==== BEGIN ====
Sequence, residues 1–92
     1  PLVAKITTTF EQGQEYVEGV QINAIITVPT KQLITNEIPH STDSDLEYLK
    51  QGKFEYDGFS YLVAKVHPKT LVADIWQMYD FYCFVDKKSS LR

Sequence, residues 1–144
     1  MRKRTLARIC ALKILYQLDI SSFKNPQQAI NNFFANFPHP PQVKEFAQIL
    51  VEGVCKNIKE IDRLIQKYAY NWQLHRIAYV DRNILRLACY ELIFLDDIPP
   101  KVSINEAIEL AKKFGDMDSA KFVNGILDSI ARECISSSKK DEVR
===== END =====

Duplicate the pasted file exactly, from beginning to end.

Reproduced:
Sequence, residues 1–92
     1  PLVAKITTTF EQGQEYVEGV QINAIITVPT KQLITNEIPH STDSDLEYLK
    51  QGKFEYDGFS YLVAKVHPKT LVADIWQMYD FYCFVDKKSS LR

Sequence, residues 1–144
     1  MRKRTLARIC ALKILYQLDI SSFKNPQQAI NNFFANFPHP PQVKEFAQIL
    51  VEGVCKNIKE IDRLIQKYAY NWQLHRIAYV DRNILRLACY ELIFLDDIPP
   101  KVSINEAIEL AKKFGDMDSA KFVNGILDSI ARECISSSKK DEVR